area of the heart muscle does not meet the demand.
- Angina and heart attack are two of the most serious causes of chest pain.
- Angina is a result of inadequate oxygen supply to the heart muscle.
- Treatment of angina includes rest, medications, angioplasty, and/or
coronary artery bypass surgery.
- Life-style modification is important in both primary and secondary
prevention and includes smoking cessation and control of
hypercholesterolaemia (high cholesterol).
Angina is the chest discomfort or pain that occurs when the oxygen supply to an
area of the heart muscle does not meet the demand. Oxygen is carried to the heart
muscle by the coronary arteries running around the heart.
The most common cause of angina is coronary artery disease. A less common cause
is spasm of the coronary arteries. Coronary arteries supply oxygenated blood to
the heart muscle.
Coronary artery disease
Coronary artery disease is the result of cholesterol deposits on the artery
wall, causing the formation of hard, thick plaques. The accumulation of cholesterol
plaques over time causes narrowing of the coronary arteries, a process called
Smoking, high blood pressure, elevated cholesterol and diabetes can accelerate
atherosclerosis. A genetic predisposition to the development of atherosclerosis
is also found in some families.
When coronary arteries become narrowed by more than 50 to 70 percent, they
can no longer meet the increased blood oxygen demand by the heart muscle during
exercise or stress. Lack of oxygen to the heart muscle causes chest pain (angina).
The plaques can also rupture, exposing elements that initiate blood clotting
inside the artery. These blood clots can completely block the artery, cutting
off the blood supply to an area of heart muscle completely. This causes death
of a part of the heart muscle, called heart attack.
Spasm of the coronary arteries
Muscle fibres surround artery walls. Contraction of these fibres causes a sudden
narrowing (spasm) of the artery. A spasm of the coronary arteries reduces blood
to the heart muscle and also causes angina.
This type of angina is relatively uncommon, typically occurring at rest. It
can awaken you from sleep. People with this type of angina are often slightly
younger – in their thirties and forties.
- Angina is usually felt as squeezing, pressure, heaviness, tightening, or
aching across the chest, usually in the middle of the chest. The pain often
radiates to the neck, jaw, arms, back, or even the teeth. It may feel like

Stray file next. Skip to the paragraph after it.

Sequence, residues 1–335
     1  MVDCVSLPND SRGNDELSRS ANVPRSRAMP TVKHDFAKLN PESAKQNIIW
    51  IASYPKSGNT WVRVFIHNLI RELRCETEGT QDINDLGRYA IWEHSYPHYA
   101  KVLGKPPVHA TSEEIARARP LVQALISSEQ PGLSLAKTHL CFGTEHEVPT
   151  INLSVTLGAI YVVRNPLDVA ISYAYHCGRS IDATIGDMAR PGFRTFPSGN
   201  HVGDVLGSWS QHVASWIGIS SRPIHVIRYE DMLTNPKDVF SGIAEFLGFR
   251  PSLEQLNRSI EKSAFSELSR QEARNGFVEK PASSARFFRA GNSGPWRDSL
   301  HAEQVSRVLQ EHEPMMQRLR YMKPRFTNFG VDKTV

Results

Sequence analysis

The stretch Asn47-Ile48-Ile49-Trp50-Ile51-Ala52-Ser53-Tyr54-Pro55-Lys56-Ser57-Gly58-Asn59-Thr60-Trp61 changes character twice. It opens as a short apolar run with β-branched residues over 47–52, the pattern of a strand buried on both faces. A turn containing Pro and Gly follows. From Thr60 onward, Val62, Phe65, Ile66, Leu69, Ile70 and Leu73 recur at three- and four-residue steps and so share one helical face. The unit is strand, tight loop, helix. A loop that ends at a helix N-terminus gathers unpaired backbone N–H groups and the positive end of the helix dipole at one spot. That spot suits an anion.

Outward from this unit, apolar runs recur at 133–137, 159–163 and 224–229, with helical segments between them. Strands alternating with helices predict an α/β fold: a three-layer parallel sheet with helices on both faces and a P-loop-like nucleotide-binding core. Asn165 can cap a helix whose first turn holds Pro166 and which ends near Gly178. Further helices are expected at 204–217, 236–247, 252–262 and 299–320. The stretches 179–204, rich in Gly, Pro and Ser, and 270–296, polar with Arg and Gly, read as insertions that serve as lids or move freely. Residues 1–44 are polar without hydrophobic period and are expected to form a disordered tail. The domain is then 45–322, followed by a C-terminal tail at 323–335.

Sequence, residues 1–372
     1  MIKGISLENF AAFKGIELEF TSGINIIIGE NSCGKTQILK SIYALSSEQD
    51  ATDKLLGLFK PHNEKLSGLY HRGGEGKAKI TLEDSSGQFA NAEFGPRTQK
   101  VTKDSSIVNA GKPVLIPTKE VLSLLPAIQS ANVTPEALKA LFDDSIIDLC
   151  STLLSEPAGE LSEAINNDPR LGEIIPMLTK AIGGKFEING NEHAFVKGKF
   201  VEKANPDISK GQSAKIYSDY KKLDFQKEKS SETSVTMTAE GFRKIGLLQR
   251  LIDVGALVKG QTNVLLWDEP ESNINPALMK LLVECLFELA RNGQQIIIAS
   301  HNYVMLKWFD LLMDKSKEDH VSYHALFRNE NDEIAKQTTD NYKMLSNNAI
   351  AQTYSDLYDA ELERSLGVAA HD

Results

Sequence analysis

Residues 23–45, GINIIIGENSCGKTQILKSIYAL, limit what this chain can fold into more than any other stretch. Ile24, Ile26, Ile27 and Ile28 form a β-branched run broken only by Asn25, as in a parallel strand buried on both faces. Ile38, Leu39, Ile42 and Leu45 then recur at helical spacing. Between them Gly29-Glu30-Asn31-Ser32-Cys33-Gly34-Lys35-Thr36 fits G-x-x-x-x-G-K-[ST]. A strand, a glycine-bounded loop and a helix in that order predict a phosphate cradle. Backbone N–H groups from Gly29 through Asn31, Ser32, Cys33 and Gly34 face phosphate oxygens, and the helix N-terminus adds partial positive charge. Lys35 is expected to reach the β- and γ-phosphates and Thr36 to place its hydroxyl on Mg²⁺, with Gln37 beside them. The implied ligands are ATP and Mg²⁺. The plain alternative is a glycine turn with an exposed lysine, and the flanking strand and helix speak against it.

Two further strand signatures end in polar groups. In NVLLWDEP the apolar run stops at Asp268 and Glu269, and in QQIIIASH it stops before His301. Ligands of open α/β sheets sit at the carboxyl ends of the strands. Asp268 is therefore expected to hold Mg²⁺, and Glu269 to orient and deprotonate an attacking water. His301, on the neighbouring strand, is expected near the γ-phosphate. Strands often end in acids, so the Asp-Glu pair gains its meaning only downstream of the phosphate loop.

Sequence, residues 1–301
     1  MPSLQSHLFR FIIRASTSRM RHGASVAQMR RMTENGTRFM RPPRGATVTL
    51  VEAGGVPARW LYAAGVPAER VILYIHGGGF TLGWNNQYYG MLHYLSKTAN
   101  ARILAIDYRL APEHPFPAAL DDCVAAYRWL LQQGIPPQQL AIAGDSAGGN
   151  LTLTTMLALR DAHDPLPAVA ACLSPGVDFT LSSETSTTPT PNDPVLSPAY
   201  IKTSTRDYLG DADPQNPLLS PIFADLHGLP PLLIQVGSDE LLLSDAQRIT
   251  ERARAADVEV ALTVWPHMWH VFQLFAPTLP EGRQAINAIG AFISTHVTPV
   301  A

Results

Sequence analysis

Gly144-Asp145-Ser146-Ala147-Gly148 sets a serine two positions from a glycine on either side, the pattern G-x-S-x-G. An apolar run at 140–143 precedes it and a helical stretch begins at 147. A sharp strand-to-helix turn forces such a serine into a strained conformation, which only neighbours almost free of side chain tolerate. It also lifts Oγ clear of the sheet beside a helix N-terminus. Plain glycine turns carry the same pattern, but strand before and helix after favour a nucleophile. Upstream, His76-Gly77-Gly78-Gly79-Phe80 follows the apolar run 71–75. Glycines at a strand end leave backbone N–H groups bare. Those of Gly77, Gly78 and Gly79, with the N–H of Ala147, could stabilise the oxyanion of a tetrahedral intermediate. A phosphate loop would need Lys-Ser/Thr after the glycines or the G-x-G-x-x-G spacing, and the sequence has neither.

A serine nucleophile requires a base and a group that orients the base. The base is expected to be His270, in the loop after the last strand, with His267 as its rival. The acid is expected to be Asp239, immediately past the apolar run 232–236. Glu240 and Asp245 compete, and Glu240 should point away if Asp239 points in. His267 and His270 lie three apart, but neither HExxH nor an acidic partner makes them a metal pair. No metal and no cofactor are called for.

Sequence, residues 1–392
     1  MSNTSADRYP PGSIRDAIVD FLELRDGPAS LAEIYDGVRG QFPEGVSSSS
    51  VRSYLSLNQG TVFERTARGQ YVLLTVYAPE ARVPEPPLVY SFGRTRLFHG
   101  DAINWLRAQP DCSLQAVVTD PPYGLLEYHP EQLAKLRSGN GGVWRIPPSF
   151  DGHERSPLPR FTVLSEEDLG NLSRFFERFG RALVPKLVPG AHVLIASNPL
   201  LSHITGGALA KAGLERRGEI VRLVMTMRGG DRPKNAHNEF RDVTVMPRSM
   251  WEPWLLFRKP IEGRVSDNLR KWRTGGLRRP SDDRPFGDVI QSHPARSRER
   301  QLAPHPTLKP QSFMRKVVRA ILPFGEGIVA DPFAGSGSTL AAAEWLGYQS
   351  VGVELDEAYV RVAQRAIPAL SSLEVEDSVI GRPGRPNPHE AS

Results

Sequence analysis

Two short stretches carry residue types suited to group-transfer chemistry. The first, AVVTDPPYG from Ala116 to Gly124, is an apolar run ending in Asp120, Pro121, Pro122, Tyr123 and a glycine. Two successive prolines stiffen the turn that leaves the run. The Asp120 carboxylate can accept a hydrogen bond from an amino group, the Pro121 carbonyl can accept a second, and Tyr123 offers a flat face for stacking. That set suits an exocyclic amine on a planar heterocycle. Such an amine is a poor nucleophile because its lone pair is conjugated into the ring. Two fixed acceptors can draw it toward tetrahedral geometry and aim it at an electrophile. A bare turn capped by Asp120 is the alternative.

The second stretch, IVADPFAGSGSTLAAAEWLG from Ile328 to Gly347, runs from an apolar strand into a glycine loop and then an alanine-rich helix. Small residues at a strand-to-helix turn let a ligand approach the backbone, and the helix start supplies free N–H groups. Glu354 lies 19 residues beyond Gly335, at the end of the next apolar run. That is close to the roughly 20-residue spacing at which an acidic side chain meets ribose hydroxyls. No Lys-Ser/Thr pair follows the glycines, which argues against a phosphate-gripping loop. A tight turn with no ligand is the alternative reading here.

indigestion or heartburn.
- Associated symptoms include weakness, sweating, nausea and shortness of
- Angina usually occurs during exertion, severe emotional stress, or after
a heavy meal. During these periods, the heart muscle demands more blood oxygen
than the narrowed coronary arteries can deliver.
- Angina typically lasts one to 15 minutes and is relieved by rest or by placing
a nitro-glycerine tablet under the tongue. If the pain lasts longer than 15
minutes, it may signify a heart attack.
When to see a Doctor
Angina is usually a warning sign of the presence of significant underlying coronary
artery disease limiting oxygen supply to the heart muscle. Those with angina are
at risk of developing a heart attack (myocardial infarction). A heart attack is
the death of heart muscle precipitated by the complete blockage of a diseased
coronary artery by a blood clot.
During angina, the lack of oxygen (ischaemia) to the heart muscle is temporary
and reversible. On the other hand, the muscle damage accompanying heart attack
is permanent. The dead muscle turns into scar tissue when it heals. A scarred
heart cannot pump blood as efficiently as a normal heart, and can lead to heart
Most people who have been diagnosed with angina have a pattern to their angina
attacks that they can recognise. Call your nearest emergency services immediately
- The pain gets worse
- The pain does not go away
- The pain occurs with less exertion
- You are unsure of how to use your medication
- You are having angina symptoms now, but are not under treatment
Angina is diagnosed with the aid of a number of investigations:
- Electrocardiology (ECG)
- Stress ECG
- Stress echocardiology
- Thallium scan
- Cardiac angiography
- Ultrafast CAT scan
- MRI imaging
The resting electrocardiogram is a recording of the electrical activity of the
heart muscle, detected by electrodes attached to the extremities and the chest
wall. This non-invasive, inexpensive test can detect heart muscle that is in need
of oxygen. The resting ECG is useful in showing the changes that are caused by
a heart attack. It is less useful in patients with angina, since the chest pain
and lack of oxygen supply to the heart only become evident during times of increased
oxygen demand such as when exercising.